Machines spot correlations and anomalies better than people, and this frees people to do what they do best - work with other people. At Alphanumeric we have successfully implemented the Alphanumeric Virtual Assistant (chatbot) on more than 20 of our life sciences client's websites. The chatbot has given patients access to information 24x7x365, which has released agents of performing repetitive activities and streamlined answers to patients' and HCPs' frequently asked questions (FAQs). You can review the case study results here.

The next phase of AI adoption in the life science sectors will probably involve deep learning. This is a subset of machine learning that uses neural networks in tasks that range from image, voice recognition to translation. This kind of artificial intelligence will get better and more accurate as datasets grow. The bigger the dataset, the better the outcome, the greater the utility.

There are some life science organizations that are investing more in this artificial intelligence than others. Some are perhaps a little on the conservative side. The ones that are investing are already noting advantages over old, manual processes. Experts are making discoveries faster if AI presents them with a handful of possible solutions out of millions of options. What needs to change is the acceptance of what can be done. But you have to remember that it’s all about the data. Without the data, the best artificial intelligence models won’t achieve anything. That is one of our main focus areas at Alphanumeric and we are experts in delivering proven intelligent solutions to the top major pharma organizations in the world.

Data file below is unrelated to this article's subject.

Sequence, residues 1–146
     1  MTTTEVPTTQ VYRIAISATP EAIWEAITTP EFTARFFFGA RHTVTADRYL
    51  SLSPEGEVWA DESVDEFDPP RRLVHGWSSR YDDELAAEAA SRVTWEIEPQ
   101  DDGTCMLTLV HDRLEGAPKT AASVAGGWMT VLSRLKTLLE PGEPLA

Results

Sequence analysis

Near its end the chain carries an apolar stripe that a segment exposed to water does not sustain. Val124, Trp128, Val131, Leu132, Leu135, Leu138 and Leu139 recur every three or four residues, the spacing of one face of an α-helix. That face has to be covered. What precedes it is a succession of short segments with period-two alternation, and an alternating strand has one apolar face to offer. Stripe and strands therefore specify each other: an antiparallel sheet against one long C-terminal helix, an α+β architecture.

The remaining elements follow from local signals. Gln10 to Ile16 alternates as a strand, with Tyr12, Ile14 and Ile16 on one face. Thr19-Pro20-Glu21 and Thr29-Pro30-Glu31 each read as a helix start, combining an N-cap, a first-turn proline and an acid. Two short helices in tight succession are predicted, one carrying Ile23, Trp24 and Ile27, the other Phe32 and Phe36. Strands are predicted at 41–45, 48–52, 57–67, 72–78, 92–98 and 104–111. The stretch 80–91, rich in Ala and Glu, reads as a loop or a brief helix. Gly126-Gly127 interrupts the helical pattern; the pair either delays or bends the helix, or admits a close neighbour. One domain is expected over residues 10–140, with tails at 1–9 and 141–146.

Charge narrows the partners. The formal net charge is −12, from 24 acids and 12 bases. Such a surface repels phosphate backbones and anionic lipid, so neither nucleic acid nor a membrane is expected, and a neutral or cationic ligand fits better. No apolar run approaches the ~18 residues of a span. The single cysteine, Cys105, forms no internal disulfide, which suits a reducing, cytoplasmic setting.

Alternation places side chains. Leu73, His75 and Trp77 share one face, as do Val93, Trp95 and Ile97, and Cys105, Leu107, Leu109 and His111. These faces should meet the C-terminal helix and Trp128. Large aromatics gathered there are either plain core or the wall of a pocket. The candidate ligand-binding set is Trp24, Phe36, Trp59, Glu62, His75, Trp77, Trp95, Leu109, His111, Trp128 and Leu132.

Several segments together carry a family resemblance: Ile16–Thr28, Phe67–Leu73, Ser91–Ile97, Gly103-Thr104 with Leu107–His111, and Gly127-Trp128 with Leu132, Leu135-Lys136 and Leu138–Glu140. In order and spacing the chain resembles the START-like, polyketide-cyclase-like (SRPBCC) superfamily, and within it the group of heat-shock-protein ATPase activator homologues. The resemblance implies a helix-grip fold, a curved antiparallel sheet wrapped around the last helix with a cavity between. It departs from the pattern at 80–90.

Artificial intelligence is not the ultimate solution for all of the challenges of the patient and healthcare industry, but it is almost certain to become advantageous in helping a hard-pressed workforce provide patient care to a growing and ageing world population. At Alphanumeric we can certainly help you navigate through your challenges and partner with you to find the most effective intelligent patient care AI solutions that meet your organization's needs. For a free consultation and demo customized to your specific use case, please contact us now!